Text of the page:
Portal:Saints

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THE SAINTS PORTAL

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Isidore of Seville, unofficial patron saint of the Internet.

A saint (from the Latin sanctus) in Christianity is a human being who has answered the call to holiness. The term is used differently by various denominations. In high-church contexts, such as Roman Catholicism or Anglo-Catholicism, a Saint is generally one to whom has been attributed (and who has generally demonstrated) a high level of holiness and sanctity. In this use, a saint is therefore not simply a believer, but one who has been unusually transformed. On the other hand, many denominations, notably in Protestantism, emphasise the traditional New Testament meaning of the word, preferring to write saint (lower case) to refer to any believer, in continuity with the doctrine of the priesthood of all believers. Several denominations venerate the dead saints, while others vehemently reject this. Some make a distinction between a "Romish" and a "Patristic" doctrine concerning the invocation of saints, permitting the latter.

The use of the term saint is not exclusive to Christianity. In most religious cultures, there are people who have been recognised within that culture as having fulfilled the highest aspirations of religious teaching. In English, the term saint is often used to translate this idea from many world religions.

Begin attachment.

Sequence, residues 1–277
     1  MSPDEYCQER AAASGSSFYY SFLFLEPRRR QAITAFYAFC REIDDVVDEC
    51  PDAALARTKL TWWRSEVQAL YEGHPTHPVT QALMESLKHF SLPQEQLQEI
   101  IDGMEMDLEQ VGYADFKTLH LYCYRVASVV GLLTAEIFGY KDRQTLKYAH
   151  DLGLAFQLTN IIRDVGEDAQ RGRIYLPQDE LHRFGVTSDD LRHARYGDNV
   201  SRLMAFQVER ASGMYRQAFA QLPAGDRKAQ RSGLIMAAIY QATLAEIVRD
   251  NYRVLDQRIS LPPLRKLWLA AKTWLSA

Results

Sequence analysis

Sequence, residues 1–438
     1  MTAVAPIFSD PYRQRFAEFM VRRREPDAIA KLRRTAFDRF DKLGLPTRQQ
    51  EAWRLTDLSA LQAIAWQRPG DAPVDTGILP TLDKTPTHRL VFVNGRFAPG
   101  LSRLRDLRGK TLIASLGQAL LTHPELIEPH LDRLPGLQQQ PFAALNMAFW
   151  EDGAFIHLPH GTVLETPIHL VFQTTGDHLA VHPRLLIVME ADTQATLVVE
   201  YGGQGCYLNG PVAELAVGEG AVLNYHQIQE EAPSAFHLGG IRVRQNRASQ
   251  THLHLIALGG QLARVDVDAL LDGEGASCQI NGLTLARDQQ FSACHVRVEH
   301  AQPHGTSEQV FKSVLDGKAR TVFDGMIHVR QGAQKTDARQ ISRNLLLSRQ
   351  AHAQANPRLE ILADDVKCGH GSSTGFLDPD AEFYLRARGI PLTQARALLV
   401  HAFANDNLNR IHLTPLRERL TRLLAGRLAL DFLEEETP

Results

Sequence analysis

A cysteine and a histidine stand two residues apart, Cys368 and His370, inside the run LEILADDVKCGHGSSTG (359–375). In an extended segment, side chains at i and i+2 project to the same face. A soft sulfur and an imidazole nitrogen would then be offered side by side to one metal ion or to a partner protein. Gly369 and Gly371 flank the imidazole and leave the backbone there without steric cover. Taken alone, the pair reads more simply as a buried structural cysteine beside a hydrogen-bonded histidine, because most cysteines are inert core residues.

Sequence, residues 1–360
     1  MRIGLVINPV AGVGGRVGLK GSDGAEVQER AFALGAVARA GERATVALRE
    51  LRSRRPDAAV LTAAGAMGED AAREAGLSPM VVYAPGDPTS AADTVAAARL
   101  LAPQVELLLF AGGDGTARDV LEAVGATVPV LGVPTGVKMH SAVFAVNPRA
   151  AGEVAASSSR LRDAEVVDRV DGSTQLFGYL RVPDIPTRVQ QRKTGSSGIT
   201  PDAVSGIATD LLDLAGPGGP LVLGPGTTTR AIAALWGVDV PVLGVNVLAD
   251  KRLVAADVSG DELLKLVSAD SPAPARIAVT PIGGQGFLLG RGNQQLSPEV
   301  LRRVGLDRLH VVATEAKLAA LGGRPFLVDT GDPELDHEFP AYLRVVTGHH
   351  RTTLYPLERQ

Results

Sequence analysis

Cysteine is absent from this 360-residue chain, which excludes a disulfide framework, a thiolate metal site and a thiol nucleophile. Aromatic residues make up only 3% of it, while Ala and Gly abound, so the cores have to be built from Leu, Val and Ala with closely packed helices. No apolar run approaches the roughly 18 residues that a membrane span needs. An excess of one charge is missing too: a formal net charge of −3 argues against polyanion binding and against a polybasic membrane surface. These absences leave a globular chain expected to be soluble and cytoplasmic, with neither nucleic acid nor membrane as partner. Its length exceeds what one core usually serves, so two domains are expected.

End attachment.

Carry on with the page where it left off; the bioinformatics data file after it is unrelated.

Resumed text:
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Santa Claus 1863 Harpers.png
Credit: Thomas Nast

3 January 1863 cover of Harper's Weekly, one of the first depictions of Santa Claus. While Saint Nicholas was originally portrayed wearing bishop's robes, in modern times, Santa Claus is generally depicted as seen here.

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Lucia Brocadelli of Narni

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Henry Martyn.jpg
Henry Martyn (18 February 1781 - 16 October 1812), was an Anglican priest and missionary to the peoples of India and Persia. Born in Truro, Cornwall, he was educated at St John's College, Cambridge. A chance encounter with Charles Simeon led him to become a missionary. He was ordained a priest in the Church of England and became a chaplain for the British East India Company.

Martyn arrived in India in April 1806, where he preached and occupied himself in the study of linguistics. He translated the whole of the New Testament into Urdu, Persian and Judaeo-Persic. He also translated the Psalms into Persian and the Book of Common Prayer into Urdu. From India, he set out for Bushire, Shiraz, Isfahan, and Tabriz. On is way to Constantinople, Martyn was seized with fever, and, though the plague was raging at Tokat, he was forced to stop there, unable to continue. On 16 October 1812 he died. He was remembered for his courage, selflessness and his religious devotion. In parts of the Anglican Communion he is celebrated with a Lesser Festival on 19 October.

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The Saints Wikiproject aims primarily at standardizing the articles about people venerated by some Christians as saints or the blessed and ensuring quality articles. If there is an interest in including saints from religions other than Christianity, please propose those changes on our talk page.

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